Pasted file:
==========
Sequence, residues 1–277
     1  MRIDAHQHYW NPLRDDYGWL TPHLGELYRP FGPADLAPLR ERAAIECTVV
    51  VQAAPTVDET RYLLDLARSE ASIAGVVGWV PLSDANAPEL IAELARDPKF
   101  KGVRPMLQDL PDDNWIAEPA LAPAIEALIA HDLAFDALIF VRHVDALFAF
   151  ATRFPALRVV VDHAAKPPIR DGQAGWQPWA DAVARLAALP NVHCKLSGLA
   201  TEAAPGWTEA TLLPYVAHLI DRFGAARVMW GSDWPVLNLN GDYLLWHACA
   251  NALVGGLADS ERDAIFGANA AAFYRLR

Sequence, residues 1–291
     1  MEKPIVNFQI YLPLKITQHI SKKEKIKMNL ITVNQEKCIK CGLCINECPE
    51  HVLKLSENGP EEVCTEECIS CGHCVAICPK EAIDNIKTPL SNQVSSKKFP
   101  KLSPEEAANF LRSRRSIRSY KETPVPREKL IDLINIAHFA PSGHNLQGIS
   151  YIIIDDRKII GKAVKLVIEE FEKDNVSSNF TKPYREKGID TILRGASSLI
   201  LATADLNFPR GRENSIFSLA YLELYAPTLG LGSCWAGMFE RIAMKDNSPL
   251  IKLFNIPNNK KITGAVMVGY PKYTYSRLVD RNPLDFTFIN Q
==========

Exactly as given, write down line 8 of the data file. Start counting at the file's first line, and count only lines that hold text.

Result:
Sequence, residues 1–291